Now that our children are older and require decidedly fewer annoying accoutrements, the husband and I have made a conscious effort to try to do more things with them. It’s much easier to navigate through all the awesome things we have at our fingertips here in Toronto without needing strollers and bottles and sippy cups and diapers and pacifiers. We can walk out of the house with nothing but the clothes on our backs and the money in our pockets. It’s pretty liberating, I must say. Last week, we got an invitation to come to our alma mater’s homecoming football game. And even though I never went to a single football game while I was actually attending said alma mater, we decided that the weather was perfect, the promise of free cookies and drinks was enticing and well, we love Friday Night Lights, so even though it wasn’t NFL football, we were game. (see what I did there?)
The gameâ€”even though the Lions lost by am embarrassingly high number, and even though Canadian football teams play with only three downs (WHY?)â€”was ridiculous fun. The kids got tattoos and face paint and bang sticks. We cheered, we booed. Emily finally learned the rules of football.
I wondered why I didn’t do this when I was actually, you know, in college.
But you see, college for me was kind of a strange experience.
Back before Seth and Summer competed for that one coveted spot. Back before any of the van der Woodsens even uttered the school name. Back before Norah and her playlist were accepted there. I applied early and waited and waited and waited on the Brown waiting listâ€¦but by the time I got in, Brown was so far from my mind. You see, I was off pulling a Felicity and following a boy to Canada, and not Rhode Island. But, you know, thereâ€™s really no use in even talking to a strong-willed, exceptionally stubborn 18-year-old girl. So, I didnâ€™t have the ivy-filled, sorority-filled college experience I had dreamed about for my entire childhood. I raced through college to get to the next stage in my life; to be a wife, to be a mother, to be a writer. And donâ€™t get me wrong, I did all of those things and I am so glad I did. My life at 33 is fabulous, even though it wasnâ€™t necessarily where I thought I would be at 33.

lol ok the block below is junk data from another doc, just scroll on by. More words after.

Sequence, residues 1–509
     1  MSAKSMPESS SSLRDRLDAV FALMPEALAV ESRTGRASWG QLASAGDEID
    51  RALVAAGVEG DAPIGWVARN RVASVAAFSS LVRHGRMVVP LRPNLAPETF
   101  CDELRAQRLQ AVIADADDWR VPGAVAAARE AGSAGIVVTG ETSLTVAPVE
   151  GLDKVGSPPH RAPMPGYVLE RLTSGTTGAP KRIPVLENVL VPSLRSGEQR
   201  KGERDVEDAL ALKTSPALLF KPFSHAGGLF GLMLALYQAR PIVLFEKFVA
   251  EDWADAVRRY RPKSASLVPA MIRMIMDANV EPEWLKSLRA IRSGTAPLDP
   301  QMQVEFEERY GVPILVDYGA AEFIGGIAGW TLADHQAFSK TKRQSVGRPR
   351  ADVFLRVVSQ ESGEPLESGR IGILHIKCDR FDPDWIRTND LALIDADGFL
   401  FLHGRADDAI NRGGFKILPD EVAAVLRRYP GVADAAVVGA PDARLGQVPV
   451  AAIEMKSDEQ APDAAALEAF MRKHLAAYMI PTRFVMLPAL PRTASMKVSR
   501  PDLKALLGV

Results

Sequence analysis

So, yes. I raced through my entire post-high-school experience. I lived off campus with two girls who I didn’t really even take the time to get to know. Our apartment was cockroach-infested, so I rarely spent more time than necessary there. It was the library or the classroom, for me. I didn’t go to a single sports activity. NOT ONE. In fact, until this weekend, I could not have even told you that we were THE LIONS. My hard work paid off, as I was able to complete both my BA and my MA in four years and I graduated about 5 days before Miss Emily was born. (Bonus points for being a planner!)
But as I sat in the stands watching the herds of college girls, I had an inner twinge of regret. I’m angry for not allowing myself to enjoy this experience. I’m angry that all I did was study and work and work and study. I didn’t get enough out of it. The experience is about getting so much more than a diploma.
I want to go back. I have the diplomas. Now I want the more.